Designing regenerative landscapes

by | Apr 20, 2018 | Featured Slider, Latest, News

The following article has been written by Valerie Payne. Author The Ecological Gardeners Handbook. International Edition.

The founder of Biomimicry, Janine Benyus, coined the term ‘Life creates the conditions conducive to life’. In the current age known as the Anthropocene where human influence, mostly damaging, has affected eco-systems worldwide, this profound statement has many underlying implications. It raises questions such as ‘how can we foster conditions conducive to life?’ and ‘what effects do changes we make to an environment have on that environments ability to create the conditions conducive to life?’ This statement is also an important concept for ecological landscape design. It goes beyond sustainability, if one understands sustainability to mean maintaining what is, to what Benyus calls a ‘regenerative mindset’. Regeneration recognises that we already live in highly damaged environments, and aims to restore these to a healthy state.
Adopting a regenerative mindset requires a change in the way we think about our role on Earth.. It means ‘we need to do more than just learn from nature, we need to design as nature.’ ( quote from ). We need to understand, at a deep level, that we are not apart, or separate, from Nature. We are not Nature’s boss, and Nature is not just a resource that we can exploit for our own short term goals. Nature is the key to our very survival. We are embedded in a natural environment, and what we do to that environment effects us, just as we affect the environment. In Benyus words, ‘It is time to recognize that we are nature.’
Think about what it takes for us as humans to live, to survive, on Earth. The air we breathe, the food we eat, the particular composition of Earth’s atmosphere are products of Nature, or Earth’s eco-systems. In all Earth’s eco-systems innumerable exchanges, or interactions, take place between living things such as plants, animals and microbes, and non-living things such as minerals, sunlight, water, oxygen and carbon. Collectively these create the right conditions that enable life to survive, and thrive, on Earth.
In our current age when human influence has had such devastating consequences for eco-systems, our continued human survival on Earth depends on us undertaking a two way conversation with Nature. We must learn to watch and listen, and watch and listen well, to the hidden and often quite ways of Nature. We must start to understand that our survival is intricately connected to the survival of a whole host of other living things that co-create the Earth eco-system that sustains us. We must learn to design and create in a way that does not damage Nature, but supports those conditions that make it conducive for life to create life. This includes designing landscapes that regenerate all the many processes that sustain life. It also implies understanding the complex relationships that exist between plants, soil, climate, geology, geography and animal life that give rise to unique conditions and unique forms of life.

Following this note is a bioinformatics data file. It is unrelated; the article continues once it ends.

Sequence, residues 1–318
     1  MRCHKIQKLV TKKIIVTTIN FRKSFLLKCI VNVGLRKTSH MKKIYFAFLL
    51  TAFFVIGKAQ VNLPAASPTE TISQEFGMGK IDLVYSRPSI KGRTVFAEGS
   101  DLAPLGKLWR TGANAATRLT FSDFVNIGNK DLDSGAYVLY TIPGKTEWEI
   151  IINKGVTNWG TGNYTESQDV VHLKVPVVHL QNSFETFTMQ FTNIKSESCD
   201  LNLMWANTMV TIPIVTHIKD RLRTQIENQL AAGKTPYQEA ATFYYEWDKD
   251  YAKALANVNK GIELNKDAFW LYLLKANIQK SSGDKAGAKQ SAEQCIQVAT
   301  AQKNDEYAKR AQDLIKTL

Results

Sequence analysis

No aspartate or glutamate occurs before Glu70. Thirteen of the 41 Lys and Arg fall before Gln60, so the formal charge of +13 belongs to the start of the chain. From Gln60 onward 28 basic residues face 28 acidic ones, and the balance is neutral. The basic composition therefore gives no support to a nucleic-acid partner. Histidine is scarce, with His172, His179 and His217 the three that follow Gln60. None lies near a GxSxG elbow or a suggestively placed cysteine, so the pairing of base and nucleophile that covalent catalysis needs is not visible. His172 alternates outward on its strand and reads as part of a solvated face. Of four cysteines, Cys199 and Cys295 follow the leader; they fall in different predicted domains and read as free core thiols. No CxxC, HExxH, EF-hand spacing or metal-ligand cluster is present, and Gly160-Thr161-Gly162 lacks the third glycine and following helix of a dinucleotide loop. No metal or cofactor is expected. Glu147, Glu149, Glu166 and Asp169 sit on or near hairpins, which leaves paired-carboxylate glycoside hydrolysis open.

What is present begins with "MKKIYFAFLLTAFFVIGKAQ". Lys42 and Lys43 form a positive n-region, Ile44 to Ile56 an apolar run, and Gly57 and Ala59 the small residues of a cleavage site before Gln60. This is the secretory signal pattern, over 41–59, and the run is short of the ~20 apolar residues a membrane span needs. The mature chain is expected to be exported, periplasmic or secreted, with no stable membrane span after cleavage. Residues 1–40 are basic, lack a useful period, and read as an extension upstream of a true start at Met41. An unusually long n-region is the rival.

With this in mind, I wrote An Ecological Gardeners Handbook ( see…/B013CCJNSC ) as a practical guide on how to work with Nature to develop and manage garden landscapes that create conditions conducive to life.
Some FAQ’s about Ecological Gardening
What is ecological gardening?
When we create a garden, we combine parts of the human world with parts of the natural world. This creates a new sort of garden eco-system. The way we combine and manage all the elements in a garden has a big impact on the health of our garden eco-system. Ecological gardening aims to create a healthy garden eco-system that regenerates local ecological processes, supports local wildlife ( birds, insects, pollinators etc), serves people’s needs, and creates a naturally healthy garden environment.
Why is ecological gardening important?
Many gardens are expensive, time consuming and heavily reliant on irrigation and chemicals. They also do not provide much habitat for important wildlife such as birds, insects, etc. Gardens like these contribute to pollution, waste water and energy, can damage the soil, and often change the natural environment so much that local native plants and wildlife battle to survive, leading to local extinctions of wildlife. Pesticides also often contain many cancer and other disease causing chemicals. When we create an ecologically healthy garden, we create gardens that become life regenerating mini-conservancies, rather than life destroying degraded ecosystems.
Is ecological gardening like organic gardening, or permaculture, or indigenous gardening?
Ecological gardening complements garden practices such as the above. Ecological gardening asks questions such as ‘What are important pollinators in my local environment, and how can I design habitat in my garden to attract these? How do wild plants grow in this area, and how can I use their growth patterns to inspire my own garden design? How can I create healthy soil, or control pests or plant disease, without using chemicals? How can I create life –regenerating conditions in my garden? What are the connections between plants in my garden, soil conditions, and important beneficial garden creatures?
Can an ecological garden grow food crops, or exotic plants?
Yes definitely. The trick is to know how to combine a wide variety of different plants so that Nature’s needs are taken care of, as well as human needs.
I don’t have an ecological garden. Can I make it more ecological?
Yes, with thoughtful planning any garden can become more ecological over time.


To view Valerie Payne’s article please click here


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